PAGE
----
Monday, June 29, 2009

Doing the Next Right Thing

1930s - Woman Walking on Sidewalk by Walfred Moisio by straatis.

Tonight I had the privilege of being there for a new friend whose life is falling apart.  Or so it seems.  This lovely young woman with the beautiful smile and laughing eyes is facing an unexpected and devastating divorce—one brought on by what appears to her to be unfathomable betrayal.   

She is devastated, terrified, and nearly without hope.  Yet she reached out to me and another new friend for support.  This is both a privilege and a humbling prospect.  She doesn’t even know our last names. 

The Buddha said that suffering is the first noble truth of human existence.  What is the measure of this suffering?   And what do I have that could encourage S. tonight?  Nothing, except shared human experience.   

So I wrote her a long letter as she prepares to return to her home in another state to face this situation.  I kept coming back to the idea of doing the next right thing.  Reducing the days and weeks small manageable pieces.   An idea I learned from my 12-step friends. 

In S’s case, it might be enough tomorrow to get on the airplane and fly home.  And to let that be enough for one day.  Or maybe she’ll need to break it down further.  Get up.  Brush teeth.  Get dressed.  Now, eat.  Now get in the car and drive.   Etc.  Try, knowing it will impossible to succeed completely, to put off worrying about other things until they truly need to be faced. 


I have been in places when I was as fearful as S. is today.  I wish I’d known then about this doing-the-next-thing idea.  Sometimes still, I’m in such a fog, and there seem so many urgent things to be done, that I overwhelm myself and do nothing.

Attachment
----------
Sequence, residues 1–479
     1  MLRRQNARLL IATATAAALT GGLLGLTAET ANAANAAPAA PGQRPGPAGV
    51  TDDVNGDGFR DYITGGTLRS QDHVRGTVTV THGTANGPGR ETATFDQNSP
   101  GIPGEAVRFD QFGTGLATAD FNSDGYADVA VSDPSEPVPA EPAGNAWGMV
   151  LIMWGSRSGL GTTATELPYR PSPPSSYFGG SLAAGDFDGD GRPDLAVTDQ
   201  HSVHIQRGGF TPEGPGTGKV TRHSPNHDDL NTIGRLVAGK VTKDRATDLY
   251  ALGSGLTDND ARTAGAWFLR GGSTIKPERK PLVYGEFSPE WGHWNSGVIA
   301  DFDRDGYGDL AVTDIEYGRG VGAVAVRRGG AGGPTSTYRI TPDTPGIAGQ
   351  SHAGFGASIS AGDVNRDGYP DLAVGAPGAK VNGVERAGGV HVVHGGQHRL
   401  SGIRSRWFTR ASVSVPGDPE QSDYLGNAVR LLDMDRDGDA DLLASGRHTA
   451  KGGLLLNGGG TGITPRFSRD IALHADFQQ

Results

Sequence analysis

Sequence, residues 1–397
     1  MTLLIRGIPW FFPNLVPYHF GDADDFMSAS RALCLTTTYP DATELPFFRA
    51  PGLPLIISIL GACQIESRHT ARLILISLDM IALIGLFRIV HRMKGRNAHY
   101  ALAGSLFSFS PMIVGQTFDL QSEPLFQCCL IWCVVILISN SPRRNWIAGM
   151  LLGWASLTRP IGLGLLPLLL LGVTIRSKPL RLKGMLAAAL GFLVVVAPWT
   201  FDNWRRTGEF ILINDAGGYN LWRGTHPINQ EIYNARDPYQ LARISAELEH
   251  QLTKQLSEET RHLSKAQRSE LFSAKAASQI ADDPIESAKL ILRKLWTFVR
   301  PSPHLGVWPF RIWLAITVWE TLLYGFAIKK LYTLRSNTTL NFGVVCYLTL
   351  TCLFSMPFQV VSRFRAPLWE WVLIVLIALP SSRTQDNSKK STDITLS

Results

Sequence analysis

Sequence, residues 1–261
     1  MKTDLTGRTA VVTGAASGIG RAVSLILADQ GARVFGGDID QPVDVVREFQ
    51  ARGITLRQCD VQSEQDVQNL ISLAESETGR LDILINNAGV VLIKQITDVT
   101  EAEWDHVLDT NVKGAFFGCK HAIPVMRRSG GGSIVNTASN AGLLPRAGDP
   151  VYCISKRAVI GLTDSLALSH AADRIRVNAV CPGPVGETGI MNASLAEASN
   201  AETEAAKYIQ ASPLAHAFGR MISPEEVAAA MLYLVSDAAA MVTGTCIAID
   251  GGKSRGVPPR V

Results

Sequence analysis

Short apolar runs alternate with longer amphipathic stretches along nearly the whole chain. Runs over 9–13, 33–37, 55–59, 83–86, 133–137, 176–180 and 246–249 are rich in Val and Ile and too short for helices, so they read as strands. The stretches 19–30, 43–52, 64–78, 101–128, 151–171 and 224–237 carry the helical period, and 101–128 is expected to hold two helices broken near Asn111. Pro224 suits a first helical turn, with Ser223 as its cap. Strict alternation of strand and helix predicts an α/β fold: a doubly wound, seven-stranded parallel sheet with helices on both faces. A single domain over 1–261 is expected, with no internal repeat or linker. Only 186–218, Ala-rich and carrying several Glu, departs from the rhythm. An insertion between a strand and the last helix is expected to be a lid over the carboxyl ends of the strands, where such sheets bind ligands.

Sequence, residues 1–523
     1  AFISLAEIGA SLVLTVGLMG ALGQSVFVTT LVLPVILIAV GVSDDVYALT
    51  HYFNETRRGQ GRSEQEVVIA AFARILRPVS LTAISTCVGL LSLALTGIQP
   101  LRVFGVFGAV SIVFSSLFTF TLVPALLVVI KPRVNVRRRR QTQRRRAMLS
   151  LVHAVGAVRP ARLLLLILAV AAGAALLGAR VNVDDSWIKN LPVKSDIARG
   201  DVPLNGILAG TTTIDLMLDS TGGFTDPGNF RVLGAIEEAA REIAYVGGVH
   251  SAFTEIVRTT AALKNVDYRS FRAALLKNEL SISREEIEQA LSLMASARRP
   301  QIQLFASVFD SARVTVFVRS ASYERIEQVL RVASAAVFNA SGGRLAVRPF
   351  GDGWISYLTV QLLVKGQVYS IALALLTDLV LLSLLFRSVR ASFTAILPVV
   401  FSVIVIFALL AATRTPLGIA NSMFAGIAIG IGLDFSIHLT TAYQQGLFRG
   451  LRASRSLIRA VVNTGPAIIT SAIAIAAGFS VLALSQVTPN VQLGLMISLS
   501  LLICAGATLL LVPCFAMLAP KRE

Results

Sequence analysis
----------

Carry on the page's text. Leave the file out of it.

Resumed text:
In other words, the next indicated thing itself eludes me.

For times like this, I have a mental cheat sheet of things that are always a right thing to do.  I don’t always use it, but I have it.        

One is to go for a walk.  Or bike ride, or other exercise.  Preferably outside.  Another is to read something that feeds my spirit.  Another is to do stream-of-consciousness writing for three or more pages.  Or meditate:  just counting my breaths to ten and starting over.  Or go to a 12-step meeting. 

I don’t think I’ve ever done one of these things and later thought, Damn.  Was THAT a mistake.   I usually calm down, having made at least one good decision in a day.     

If I am hungry or tired, I need to eat or rest before doing anything else, unless it’s literally crucial to do something else first.  My ability to do anything successfully if I’m hungry or tired is compromised.    

I use this stuff every day.  It helps me navigate the multitude of moments that add up to a life.  And I need all the help I can get.  What more do we have but this very moment?  Yesterday really is gone, and tomorrow really isn’t here yet.  That I spend hours remembering the past or fearing the future doesn’t make them any more real.    

Woman walking by dhammza.

Tonight I hope S. and any other hurting person will find the courage to do the next right thing, and then rest, knowing that’s all there is for now.    


top photo: Walfred Moisio, “Woman Walking on Sidewalk.”  second photo:  A woman walking down steps in the old city of Jerusalem, November 18, 2007. Photo by Michal Fattal/Flash90. photo:  dhammza,

text copyright The Blue Kimono 2009.  Please do not use or copy without permission.


Zuzana said...

I am sorry to hear that your friend is suffering. How difficult it is at all times to offer consolation to others, as we can never truly know or understand how they feel. Sometimes just "being there" and offer to listen is enough.